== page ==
Shares in veterinary services provider CVS Group (LSE: CVSG) were rising again this morning following its latest update on trading. Had I bought this growth stock when last writing about it in September, I’d be sitting on a gain of 30%. As much as I’m focused on long-term returns, that’s hardly a bad result over just four months!
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Its total sales grew by 9.4% to a little under £246m over the six months to the end of December. Like-for-like sales also increased by 7.8%. The latter may be slightly lower than over the same period in 2019 but I need to take into account just how bad 2020 was for most businesses.
According to CVS, this resilient performance was the result of growth in its main Practices division, coupled with higher demand at its online pharmacy and retail arm (Animed). As one might expect given the clamour for animal companions in 2020, the AIM-listed company saw an increase in new client registrations over the period. Membership numbers of its Healthy Pet Club preventative medicine scheme also grew by 3.6% to hit 430,000.
In other news, the company’s not-insignificant employment costs fell slightly, from 51% of total sales to 48.9%. The vet vacancy rate also declined.
To round things off, CVS Group was active on the acquisition front, purchasing four practices over the six-month period. I think this should only help to further cement its status as one of the leading veterinary services providers around. It now has more than 480 surgeries in the UK, Netherlands and Republic of Ireland.
As far as trading is concerned, I suspect recent momentum will be sustained. All of CVS’s practices remain open, in line with guidance issued at the beginning of the third UK lockdown. Importantly, the company is now able to provide essential services relating to animal welfare rather than just emergency work.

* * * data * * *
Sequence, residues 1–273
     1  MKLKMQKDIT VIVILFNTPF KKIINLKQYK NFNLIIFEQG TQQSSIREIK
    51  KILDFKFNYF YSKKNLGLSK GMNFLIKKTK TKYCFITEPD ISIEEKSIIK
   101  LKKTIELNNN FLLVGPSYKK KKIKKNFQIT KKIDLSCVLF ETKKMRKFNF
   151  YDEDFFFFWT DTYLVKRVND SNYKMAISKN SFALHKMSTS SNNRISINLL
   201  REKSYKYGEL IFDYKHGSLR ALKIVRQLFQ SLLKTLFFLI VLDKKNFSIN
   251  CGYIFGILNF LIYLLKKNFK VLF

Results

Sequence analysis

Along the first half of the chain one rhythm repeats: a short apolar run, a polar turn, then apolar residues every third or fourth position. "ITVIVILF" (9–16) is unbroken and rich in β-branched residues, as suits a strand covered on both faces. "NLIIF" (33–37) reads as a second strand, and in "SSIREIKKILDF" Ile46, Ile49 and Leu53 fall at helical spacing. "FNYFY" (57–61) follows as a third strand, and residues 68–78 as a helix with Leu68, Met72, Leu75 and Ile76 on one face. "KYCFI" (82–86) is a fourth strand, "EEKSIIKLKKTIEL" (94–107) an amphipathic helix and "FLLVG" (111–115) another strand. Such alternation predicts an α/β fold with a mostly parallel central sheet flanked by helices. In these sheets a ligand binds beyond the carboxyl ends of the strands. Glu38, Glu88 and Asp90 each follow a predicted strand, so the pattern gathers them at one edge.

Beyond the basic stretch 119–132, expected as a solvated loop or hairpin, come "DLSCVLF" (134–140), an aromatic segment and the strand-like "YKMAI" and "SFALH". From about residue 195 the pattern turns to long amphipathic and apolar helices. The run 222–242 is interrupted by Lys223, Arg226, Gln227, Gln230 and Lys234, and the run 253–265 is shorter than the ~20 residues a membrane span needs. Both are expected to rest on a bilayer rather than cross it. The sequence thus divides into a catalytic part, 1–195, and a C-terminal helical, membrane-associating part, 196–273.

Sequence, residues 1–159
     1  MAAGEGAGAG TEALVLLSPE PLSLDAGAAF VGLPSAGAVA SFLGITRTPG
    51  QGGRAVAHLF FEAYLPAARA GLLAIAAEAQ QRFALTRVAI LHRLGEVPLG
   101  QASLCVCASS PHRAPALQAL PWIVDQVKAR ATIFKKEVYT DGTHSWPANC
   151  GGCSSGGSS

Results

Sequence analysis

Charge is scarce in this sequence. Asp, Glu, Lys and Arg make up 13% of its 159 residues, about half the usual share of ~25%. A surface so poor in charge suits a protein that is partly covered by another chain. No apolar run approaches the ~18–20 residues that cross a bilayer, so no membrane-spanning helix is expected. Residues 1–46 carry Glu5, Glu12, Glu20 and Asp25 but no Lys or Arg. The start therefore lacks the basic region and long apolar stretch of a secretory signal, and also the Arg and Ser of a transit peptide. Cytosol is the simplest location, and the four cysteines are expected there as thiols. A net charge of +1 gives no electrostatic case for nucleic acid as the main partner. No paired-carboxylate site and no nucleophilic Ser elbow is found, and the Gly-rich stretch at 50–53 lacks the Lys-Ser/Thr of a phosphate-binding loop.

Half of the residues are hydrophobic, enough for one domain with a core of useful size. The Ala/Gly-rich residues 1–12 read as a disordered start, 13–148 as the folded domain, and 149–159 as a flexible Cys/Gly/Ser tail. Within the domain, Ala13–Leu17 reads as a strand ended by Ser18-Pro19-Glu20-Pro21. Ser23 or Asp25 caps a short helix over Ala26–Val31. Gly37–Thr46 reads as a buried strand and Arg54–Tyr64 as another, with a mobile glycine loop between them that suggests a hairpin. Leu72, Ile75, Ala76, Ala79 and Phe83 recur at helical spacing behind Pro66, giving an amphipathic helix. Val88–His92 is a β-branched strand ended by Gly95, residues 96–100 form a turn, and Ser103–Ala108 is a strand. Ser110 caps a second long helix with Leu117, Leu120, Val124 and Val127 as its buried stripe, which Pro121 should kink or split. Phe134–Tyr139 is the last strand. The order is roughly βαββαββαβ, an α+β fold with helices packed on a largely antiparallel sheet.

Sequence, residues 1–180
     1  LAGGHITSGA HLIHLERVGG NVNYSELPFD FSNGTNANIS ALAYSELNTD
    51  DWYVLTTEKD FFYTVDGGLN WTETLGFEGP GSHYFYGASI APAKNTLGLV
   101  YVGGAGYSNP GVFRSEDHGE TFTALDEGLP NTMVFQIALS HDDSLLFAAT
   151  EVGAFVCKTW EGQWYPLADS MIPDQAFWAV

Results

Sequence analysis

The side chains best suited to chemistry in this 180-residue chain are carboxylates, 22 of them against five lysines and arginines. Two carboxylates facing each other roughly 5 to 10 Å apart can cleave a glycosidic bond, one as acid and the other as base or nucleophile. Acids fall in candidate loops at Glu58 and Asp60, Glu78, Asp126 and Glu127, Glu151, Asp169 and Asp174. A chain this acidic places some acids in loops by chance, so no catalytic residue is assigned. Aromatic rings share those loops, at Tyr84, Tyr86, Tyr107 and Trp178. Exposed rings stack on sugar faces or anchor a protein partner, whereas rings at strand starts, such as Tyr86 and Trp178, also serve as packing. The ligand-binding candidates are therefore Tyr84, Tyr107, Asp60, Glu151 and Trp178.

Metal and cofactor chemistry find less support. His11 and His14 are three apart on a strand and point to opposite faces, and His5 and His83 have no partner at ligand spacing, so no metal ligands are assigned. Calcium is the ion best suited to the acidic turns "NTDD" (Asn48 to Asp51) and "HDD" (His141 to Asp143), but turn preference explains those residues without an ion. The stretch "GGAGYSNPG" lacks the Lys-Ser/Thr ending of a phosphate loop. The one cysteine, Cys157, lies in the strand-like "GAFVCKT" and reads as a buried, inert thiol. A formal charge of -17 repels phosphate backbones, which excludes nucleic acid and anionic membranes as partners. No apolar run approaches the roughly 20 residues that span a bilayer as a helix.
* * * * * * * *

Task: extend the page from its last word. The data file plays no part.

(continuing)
Perhaps the biggest reason for continuing to be bullish on this growth stock, however, is that I simply can’t see the trend for pet ownership reversing. I also feel we’re unlikely to curtail spending on our furry friends, regardless of how the UK economy is performing.
All told, the long-term prospects seem too good to me to bank profits this early. Even so, I have to be aware of the risks involved.
One thing that might lead the share price to lose steam is a good, old-fashioned bout of profit-taking. This wouldn’t feel unreasonable. After all, the value of CVS has more than doubled since the dark days of March. A forecast price-to-earnings (P/E) ratio of 27 suggests a lot of good news is already priced in.
CVS certainly has form when it comes to violent, and protracted, share price swings. Between November 2017 and January 2019, the valuation of the company plunged as it struggled to recruit vets in light of the Brexit referendum outcome. While our departure from the EU might be one-off event, this doesn’t negate the fact that such falls are possible.
So, I wouldn’t sell had I bought a few months back. But while I do still think the shares could reward those with long investing horizons, I wouldn’t buy this growth stock today. I’m cautious over how much further the price could go in 2021 alone. As always, being sufficiently diversified elsewhere is key, regardless of how encouraging the outlook may be.
Paul Summers has no position in any of the shares mentioned. The Motley Fool UK has no position in any of the shares mentioned. Views expressed on the companies mentioned in this article are those of the writer and therefore may differ from the official recommendations we make in our subscription services such as Share Advisor, Hidden Winners and Pro. Here at The Motley Fool we believe that considering a diverse range of insights makes us better investors.